The Rivoli Bar is the very epitomy of decadence… Almost TOO much so.
Rivoli Bar is certainly glamorous. However, it does look like the designer thought ‘hmm, what is glamour?’ and then set about ensuring every single opulent design feature ever conceived was included. That would be fine, but when it’s all sandwiched into a small space, it becomes a bit of a headache, albeit a beautiful one.
The bar positively sparkles as if covered in diamonds. The patterned marble floors shine as if polished a hundred times a day, contrasting with the darker brown but equally shiny walls. Chandelier-style lighting hangs from the ceilings, highlighting the period artwork on the walls and there’s even a sphinx lamp sat atop a white marble plinth. And that’s before you spy the overtly patterned chairs – including some in leopard print. Yup, what did we tell you? A giant headache. Although it is fun spotting all the cute little details, Rivoli Bar is a place that has definitely not heard of the saying ‘less is more’.
Tourists come to The Ritz just to say they’ve been, businesspeople come to The Ritz to show off to their clients, hotel guests come to The Ritz because ‘hello!’ it’s The Ritz, and trustafarians flock to The Ritz because they have money to burn. And this is a mix that’s reflected in the drinkers at Rivoli Bar. And the staff? Of course, the service here is like nowhere else. Prepare to be pampered.
This is The Ritz dahling and so caviar is a major part of the food offering at Rivoli Bar; although, you’ll need a spare couple of hundred pounds if you want to make the most of the caviar menu. And even if you just fancy a few nibbles there isn’t much below £20 a plate – and £24 for a sandwich and chips is steep in anyone’s book.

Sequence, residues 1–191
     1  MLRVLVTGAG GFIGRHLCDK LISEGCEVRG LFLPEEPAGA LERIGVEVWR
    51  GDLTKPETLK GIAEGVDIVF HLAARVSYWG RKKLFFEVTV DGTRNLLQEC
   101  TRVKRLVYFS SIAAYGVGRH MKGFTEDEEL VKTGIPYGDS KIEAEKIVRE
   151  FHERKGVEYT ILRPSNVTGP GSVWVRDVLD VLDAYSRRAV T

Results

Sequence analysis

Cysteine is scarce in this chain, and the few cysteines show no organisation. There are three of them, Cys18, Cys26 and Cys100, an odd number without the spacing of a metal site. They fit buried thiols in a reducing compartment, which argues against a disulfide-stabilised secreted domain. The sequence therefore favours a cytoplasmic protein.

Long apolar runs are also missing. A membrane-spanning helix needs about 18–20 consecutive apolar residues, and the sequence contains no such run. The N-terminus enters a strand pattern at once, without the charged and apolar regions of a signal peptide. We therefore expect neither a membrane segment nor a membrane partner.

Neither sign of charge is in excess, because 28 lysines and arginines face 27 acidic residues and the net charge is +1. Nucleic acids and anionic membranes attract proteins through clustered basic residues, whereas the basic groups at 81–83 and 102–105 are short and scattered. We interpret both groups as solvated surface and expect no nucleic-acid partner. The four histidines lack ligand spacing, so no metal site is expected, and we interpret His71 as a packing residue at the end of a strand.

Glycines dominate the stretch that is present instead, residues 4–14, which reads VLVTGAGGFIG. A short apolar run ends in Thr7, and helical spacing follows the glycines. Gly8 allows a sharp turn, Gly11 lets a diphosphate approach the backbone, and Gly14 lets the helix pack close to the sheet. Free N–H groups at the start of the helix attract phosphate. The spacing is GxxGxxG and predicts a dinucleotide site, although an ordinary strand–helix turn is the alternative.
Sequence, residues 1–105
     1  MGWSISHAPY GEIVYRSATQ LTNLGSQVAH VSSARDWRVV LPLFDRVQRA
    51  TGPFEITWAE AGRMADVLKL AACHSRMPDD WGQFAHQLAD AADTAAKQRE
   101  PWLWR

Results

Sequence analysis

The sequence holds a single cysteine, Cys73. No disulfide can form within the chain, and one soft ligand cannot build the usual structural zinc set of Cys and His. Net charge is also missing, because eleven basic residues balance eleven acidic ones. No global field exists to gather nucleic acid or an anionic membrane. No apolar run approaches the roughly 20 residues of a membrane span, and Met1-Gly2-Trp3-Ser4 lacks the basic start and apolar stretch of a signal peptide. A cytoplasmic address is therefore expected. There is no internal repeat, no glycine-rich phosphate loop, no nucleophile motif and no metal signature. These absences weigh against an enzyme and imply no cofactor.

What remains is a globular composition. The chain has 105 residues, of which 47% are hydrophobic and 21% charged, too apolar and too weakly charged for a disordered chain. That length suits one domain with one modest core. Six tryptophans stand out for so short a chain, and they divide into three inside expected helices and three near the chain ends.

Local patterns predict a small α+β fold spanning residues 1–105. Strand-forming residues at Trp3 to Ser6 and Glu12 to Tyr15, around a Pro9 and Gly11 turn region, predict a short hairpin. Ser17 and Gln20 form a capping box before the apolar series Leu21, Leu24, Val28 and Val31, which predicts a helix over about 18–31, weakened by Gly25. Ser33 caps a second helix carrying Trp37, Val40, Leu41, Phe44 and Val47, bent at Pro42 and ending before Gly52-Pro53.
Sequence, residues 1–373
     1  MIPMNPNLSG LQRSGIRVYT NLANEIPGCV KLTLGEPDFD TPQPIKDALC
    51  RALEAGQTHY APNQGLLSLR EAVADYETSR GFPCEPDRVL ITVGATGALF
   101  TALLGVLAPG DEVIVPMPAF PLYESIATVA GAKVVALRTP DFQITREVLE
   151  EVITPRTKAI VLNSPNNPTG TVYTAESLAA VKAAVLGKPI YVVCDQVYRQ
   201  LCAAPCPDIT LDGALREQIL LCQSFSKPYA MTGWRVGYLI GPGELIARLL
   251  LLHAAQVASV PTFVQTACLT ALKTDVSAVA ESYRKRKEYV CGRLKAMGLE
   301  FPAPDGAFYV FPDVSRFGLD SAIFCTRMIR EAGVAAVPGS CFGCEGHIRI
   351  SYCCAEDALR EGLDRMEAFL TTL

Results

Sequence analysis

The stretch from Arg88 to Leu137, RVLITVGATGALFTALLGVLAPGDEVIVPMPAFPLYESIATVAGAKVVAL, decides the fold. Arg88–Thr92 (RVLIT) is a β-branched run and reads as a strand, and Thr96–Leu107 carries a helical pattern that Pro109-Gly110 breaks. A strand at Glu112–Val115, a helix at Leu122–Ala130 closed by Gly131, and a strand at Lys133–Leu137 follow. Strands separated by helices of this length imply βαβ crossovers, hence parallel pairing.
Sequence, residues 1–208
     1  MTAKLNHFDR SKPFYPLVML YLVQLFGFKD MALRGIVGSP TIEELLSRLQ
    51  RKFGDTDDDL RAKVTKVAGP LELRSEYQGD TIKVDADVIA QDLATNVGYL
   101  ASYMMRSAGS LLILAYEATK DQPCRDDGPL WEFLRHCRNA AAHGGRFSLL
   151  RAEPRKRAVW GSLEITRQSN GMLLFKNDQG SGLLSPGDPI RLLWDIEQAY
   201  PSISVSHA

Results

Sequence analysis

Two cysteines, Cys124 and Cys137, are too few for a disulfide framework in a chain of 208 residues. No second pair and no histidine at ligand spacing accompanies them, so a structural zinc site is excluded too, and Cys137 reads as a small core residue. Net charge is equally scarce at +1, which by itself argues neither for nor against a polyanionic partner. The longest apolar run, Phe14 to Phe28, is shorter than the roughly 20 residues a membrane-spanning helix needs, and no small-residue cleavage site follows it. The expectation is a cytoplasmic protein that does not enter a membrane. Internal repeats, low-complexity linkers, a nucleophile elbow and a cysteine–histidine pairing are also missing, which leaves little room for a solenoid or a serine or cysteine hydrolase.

Of course, Rivoli Bar offers a selection of fine wine and champagne, but it’s the cocktail menu that really shines here. They even have a cocktail priced at £120, called the Cesar Ritz (Courvoisier l’Essence, Ruinart Blanc de Blancs NV,
angostura bitters and brown sugar). Ouch. Luckily, that’s not the average. You can actually expect to pay £19-£20 a cocktail, and that covers a huge number of innovative mixes. For example, a lemon meringue martini packs the sharp hit of alcohol you’d expect from a martini with the delicate sweetness of Limoncello, lemon curd, lemon juice and sugar, all rounded up with cream. It should be enough to make you sick, but it’s so well balanced that it actually tastes light and refreshing. Alternatively, you can opt for their standard martini or go for something a little different. For what is really a dessert, try their frozen cocktails such as the royal pina colada, which mixes Bacardi rum, pineapple juice, coconut cream and strawberry puree for the world’s most expensive slushy. Albeit a slushy with an alcoholic kick.
The Last Word
Although the cocktails at Rivoli Bar are good and the setting suitably glamorous, it’s all a bit too much. Too much decadence, too much money, too OTT. It’s fun, but only if you don’t mind spending big.